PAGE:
Decided: January 9, 1992.
STATE OF NEW JERSEY, PLAINTIFF,
MARK NELSON, DEFENDANT
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On September 17, 1991 Ms. Reya Booker filed a Domestic Violence Complaint and requested that the Court enter a protective order under the Prevention of Domestic Violence Act to restrain this defendant, Mark Nelson, from having contact with
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her and seeking other remedies available under the act. Prior to September 17, 1991, other orders had been entered restraining defendant Nelson from contacting Ms. Booker. Those orders had been vacated at the request of Ms. Booker. This court on September 17, 1991 entered a temporary restraining order under the Prevention of Domestic Violence Act restraining defendant Nelson from contacting Ms. Booker. Prior to service of the temporary restraining order by Bridgewater Township Police, defendant Nelson allegedly attempted to murder Ms. Booker by stabbing her repeatedly with a screwdriver (Indictment $91-12-0607-I). The indictment alleges that the actions by defendant Nelson on or about September 18, 1991 are a crime of the first degree, carrying a presumption of incarceration for a term of 10 to 20 years (2C:43-6), if defendant is found guilty of the charges.
Bail was fixed by this Court on the attempted murder charges in the amount of $100,000, no 10 percent provision to apply. Defendant Nelson, unable to post the required bail, remains in Somerset County Jail.
While in the Somerset County Jail, defendant Nelson is alleged to have sent three letters to the victim, Ms. Booker. The letters were postmarked October 11, 1991, October 15, 1991, and October 21, 1991. These letters provide the basis for complaints for contempt and harassment that were filed against Mr. Nelson and bear Docket Numbers FO-18-0090-92-C, FO-18-0091-92-C and FO-18-0095-92-C. The first letter is two pages and contains, among other statements, the following:
"I'm in some bad situations right now . . . I'm a little upset about things I done . . . You know just as well as I know that I'm not gonna see the street for a long time . . . My life is all messed up right now. When I was in the courtroom I felt real bad about things . . . With the drugs and alcohol none of this would have never happened."
The second letter is a one page letter and contains, among other statements, the following:
"I wish that none of this had happened it's hurting me so bad. I can't ease the pain. I never really wanted to cause any sorrow or pain. All I wanted to be a friend. I didn't want to be a weekend lover. I only really wanted is to be your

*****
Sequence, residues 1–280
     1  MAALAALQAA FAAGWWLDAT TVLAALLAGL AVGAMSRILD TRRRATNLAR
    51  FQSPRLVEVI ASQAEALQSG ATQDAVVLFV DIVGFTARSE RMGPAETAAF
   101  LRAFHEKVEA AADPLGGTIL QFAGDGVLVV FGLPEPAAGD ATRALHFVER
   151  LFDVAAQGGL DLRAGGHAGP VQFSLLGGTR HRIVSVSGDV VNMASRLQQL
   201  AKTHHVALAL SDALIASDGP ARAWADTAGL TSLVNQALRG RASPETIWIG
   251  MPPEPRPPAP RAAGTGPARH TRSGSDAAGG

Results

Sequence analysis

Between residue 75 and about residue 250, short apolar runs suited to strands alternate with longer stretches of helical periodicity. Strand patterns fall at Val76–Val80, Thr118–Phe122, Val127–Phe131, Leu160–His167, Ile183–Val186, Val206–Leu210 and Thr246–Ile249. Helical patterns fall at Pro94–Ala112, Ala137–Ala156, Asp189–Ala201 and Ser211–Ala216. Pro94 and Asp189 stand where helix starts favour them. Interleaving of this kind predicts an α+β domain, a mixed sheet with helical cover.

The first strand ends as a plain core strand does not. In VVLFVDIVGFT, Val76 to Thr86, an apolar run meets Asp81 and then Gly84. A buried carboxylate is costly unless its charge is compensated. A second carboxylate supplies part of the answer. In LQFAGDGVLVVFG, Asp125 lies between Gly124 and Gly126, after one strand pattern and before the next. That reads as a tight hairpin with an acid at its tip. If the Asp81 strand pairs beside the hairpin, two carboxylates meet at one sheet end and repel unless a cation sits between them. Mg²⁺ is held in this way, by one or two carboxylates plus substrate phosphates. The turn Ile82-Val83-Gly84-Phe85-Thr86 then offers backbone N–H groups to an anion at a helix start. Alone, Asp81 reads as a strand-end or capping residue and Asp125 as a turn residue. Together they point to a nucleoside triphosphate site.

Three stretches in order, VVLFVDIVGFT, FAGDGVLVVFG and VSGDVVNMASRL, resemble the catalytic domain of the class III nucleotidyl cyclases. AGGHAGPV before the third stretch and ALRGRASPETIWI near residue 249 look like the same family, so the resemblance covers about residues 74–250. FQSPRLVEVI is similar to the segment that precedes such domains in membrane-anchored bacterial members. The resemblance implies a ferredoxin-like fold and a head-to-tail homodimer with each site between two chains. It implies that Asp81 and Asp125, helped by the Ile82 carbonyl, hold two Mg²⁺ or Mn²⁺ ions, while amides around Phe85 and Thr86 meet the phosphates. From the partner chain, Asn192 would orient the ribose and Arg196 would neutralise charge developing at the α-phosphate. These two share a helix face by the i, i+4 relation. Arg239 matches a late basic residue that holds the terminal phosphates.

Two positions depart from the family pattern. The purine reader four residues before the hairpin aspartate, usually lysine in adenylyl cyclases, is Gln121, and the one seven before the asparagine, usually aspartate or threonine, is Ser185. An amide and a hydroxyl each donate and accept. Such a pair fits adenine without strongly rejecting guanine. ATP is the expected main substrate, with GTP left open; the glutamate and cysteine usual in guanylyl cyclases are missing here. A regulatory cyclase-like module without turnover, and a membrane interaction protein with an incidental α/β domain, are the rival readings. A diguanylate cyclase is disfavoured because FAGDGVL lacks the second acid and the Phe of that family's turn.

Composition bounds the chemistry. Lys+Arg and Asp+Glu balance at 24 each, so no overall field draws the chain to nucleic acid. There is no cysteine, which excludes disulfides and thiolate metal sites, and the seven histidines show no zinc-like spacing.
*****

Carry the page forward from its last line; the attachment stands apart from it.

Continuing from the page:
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lover . . . at night I lay down and cry about this. I know you probably think that I'm just bulls ___ ing but it's the truth. It just hurted me so much when another guy stepped in my place . . . I almost took my life away but I went and seeked some help."
The third letter is two pages and contains, among other statements, the following:
"I don't understand why you are trying to get me in more trouble than I'm in you know that my whole life is ruined anyway why make it worse . . . I know all the things I did wrong but think about the things you did too . . . because I feel sorry for what I did and it was wrong. Please don't be trying to look for revenge. Leave all that in God's hand . . . all I want is to get out and go in a whole different direction instead of going on the same one."
On December 12, 1991 defendant's counsel in the contempt/harassment matters filed a motion to adjourn the trial in the contempt/harassment complaints until after the trial of the pending attempted murder indictment on the grounds that the trial of the contempt/harassment matter would violate the rights guaranteed to defendant under the United States Constitution, the New Jersey Constitution, New Jersey Statutes, and New Jersey Court Rules with regard to double jeopardy, the right against self-incrimination, fundamental fairness, and due process of law. The Somerset County Prosecutor responded by letter brief dated December 18, 1991 indicating that the State's position was that the trial of the contempt/harassment matters should not be adjourned, that double jeopardy does not attach, and that defendant's rights to fundamental fairness and due process are not violated by proceeding with trial on the contempt/harassment matter prior to the trial on the attempted murder complaint. With respect to self-incrimination, the State contends that if defendant's testimony at the contempt/harassment trial would incriminate him, then he has the right to invoke his Fifth Amendment privilege and refuse to answer questions posed to him. Therefore, his constitutional rights against self-incrimination are not violated. For these reasons, the State requests that the motion to delay the contempt/harassment trial be denied.